Wild Four O'Clock
Other Common Names: heart leaf four o'clock
Weed class: A
Year Listed: 1989
Native to: Native east of the Rocky Mountains, from Montana to Mexico, and east to Wisconsin and Alabama
Is this Weed Toxic?:
not known to be
Why Is It a Noxious Weed?
It is a weedy plant that is capable of establishing in a wide range of habitats. In Washington it has shown the ability to spread from a small 10 acre site to several hundred acres. It is capable of impacting agricultural and range lands.
How would I identify it?
It is a perennial herb, sometimes woody at the base, reaching 3 to 4 feet tall. It has a thick, black taproot that can extend downward for two feet. The name refers to the flowers, which open late in the day and whither early the next morning.
Flowers are about 3/8 in diameter and are in clusters of 3 to 5 growing from a short, hairy flowerstalk at the tips of the plant. A whorl of bracts is found at the base of each flower. The flowers have 5 reddish to lavender sepals and no petals.
Leaves are oppositely arranged, heart-shaped to egg-shaped and 2-4 inches long and 1-3 inches wide. The lower to middle leaves are attached by a petiole (leaf stem). Upper leaves may be sessile (no leaf stem). Leaves are waxy and usually hairless.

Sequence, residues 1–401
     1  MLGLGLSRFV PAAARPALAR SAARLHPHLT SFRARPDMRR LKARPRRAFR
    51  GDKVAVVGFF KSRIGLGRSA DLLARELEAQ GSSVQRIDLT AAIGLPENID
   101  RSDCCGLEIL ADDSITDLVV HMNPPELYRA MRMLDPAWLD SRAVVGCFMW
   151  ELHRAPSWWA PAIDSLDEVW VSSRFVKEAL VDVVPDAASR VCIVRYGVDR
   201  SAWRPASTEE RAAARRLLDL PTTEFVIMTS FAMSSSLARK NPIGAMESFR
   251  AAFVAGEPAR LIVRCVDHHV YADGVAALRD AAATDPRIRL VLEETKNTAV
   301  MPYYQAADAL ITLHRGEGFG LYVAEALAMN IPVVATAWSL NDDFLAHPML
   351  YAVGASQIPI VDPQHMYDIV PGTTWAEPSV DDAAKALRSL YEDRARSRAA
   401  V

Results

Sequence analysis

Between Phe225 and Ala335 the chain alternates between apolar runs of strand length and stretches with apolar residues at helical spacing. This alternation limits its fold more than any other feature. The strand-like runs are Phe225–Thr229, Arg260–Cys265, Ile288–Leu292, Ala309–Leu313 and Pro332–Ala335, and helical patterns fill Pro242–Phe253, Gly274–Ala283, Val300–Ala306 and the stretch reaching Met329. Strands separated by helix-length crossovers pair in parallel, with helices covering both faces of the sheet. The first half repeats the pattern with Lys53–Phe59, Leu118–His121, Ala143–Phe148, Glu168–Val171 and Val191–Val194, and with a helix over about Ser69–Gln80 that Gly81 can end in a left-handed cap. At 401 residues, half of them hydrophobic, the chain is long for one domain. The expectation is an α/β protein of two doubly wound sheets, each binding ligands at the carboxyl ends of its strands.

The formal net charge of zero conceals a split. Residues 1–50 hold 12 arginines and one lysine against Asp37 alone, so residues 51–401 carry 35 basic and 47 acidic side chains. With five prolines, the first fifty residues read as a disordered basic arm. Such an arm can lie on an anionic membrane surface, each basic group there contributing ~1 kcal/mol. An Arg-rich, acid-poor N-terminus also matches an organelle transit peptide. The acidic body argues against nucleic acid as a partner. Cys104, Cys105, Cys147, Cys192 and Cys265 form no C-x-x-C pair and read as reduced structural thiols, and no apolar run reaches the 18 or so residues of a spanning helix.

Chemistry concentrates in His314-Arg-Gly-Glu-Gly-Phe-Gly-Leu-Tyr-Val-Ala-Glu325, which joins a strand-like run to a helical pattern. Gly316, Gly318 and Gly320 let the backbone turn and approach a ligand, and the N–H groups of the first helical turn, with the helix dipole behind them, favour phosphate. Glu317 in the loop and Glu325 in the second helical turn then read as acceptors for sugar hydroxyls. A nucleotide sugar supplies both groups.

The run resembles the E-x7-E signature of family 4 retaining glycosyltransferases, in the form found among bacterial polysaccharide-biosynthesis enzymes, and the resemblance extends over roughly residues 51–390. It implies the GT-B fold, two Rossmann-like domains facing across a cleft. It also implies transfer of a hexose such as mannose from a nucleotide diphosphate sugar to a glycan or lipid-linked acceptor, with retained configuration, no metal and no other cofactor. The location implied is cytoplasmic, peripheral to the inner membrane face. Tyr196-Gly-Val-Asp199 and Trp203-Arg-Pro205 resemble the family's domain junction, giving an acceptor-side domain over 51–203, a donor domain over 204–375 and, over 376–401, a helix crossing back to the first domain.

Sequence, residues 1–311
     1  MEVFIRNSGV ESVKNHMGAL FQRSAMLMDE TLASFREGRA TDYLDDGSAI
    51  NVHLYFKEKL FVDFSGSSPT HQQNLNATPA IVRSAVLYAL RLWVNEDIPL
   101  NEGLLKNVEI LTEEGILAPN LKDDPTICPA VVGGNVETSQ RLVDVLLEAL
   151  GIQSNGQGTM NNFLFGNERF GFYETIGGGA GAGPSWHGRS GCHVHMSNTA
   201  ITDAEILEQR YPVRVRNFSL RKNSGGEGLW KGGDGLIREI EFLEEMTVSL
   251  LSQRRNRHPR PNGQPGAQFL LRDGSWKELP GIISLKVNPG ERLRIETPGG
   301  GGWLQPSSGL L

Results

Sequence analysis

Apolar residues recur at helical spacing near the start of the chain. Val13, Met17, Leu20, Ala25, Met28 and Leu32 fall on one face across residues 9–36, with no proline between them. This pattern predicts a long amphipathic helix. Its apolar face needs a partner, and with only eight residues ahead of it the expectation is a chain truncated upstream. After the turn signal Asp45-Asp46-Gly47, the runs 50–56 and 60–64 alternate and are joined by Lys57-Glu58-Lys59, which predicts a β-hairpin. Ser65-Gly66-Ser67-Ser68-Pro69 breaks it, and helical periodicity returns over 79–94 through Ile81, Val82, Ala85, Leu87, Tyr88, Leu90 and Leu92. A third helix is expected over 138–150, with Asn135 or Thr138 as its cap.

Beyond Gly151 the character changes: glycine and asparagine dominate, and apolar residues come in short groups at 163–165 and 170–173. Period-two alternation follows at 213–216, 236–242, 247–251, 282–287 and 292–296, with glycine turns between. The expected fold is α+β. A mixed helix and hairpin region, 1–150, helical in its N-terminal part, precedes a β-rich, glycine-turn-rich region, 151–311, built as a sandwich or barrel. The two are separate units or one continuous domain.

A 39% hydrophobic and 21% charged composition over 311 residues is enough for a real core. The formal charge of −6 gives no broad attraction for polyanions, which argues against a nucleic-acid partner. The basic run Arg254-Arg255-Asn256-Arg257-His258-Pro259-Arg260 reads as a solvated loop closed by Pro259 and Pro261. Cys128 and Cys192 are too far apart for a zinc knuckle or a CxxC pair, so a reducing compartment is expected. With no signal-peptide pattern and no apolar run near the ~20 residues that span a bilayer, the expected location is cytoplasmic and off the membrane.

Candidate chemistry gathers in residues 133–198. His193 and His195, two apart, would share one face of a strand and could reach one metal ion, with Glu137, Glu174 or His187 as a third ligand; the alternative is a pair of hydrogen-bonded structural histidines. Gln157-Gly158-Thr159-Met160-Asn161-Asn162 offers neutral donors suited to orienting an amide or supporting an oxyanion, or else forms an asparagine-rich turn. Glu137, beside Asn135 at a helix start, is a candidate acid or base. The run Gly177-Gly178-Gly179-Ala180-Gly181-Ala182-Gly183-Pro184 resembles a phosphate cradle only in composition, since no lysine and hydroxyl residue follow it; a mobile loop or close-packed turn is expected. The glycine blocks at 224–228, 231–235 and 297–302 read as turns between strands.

The plant’s overall shape is bushy and the stems are oppositely branched (pairs of branches along the stem). The upper stems and leaves are sometimes glaucous (covered with a whitish or bluish waxy covering).
Fruit Seed Description
Seeds are prominently five-ribbed, warty, somewhat hairy, grayish brown in color and ranges from 1/8 to 1/4 inch in length.
Where does it grow?
Wild four o'clock is found in a range of habitats in eastern Washington, including orchards, alfalfa fields, rangeland, right-of-ways and disturbed areas. It can also grow along riverbeds, and in sandy, rocky, and heavily cultivated soils. Please click here to see a county level distribution map of wild four o'clock in Washington.
How Does it Reproduce?
It reproduces by seed and by fragmented root pieces. Seed is set from July to September. The involucre aids in the dispersal of the seeds, acting as a small umbrella which catches on vehicles.
How Do I Control It?
General Control Strategy
Hand pulling is not recommended because the stems break at the crown. The roots are strongly branched, and broken root pieces will produce sprouting. Small infestations can be spaded or dug up. Repeated mowing or cultivation will prevent seed production and lower the seed bank. Eventually the plant will die from loss of nutrient reserves stored in the root. Plow infested meadows and plant a cultivated crop for 2 years. Hoe out remaining plants.
Field corn does compete well with wild four o'clock.
For More Information
See our Written Findings for more information about wild four o'clock (Mirabilis nyctaginea).
See our postcard for early detection information about wild four o'clock.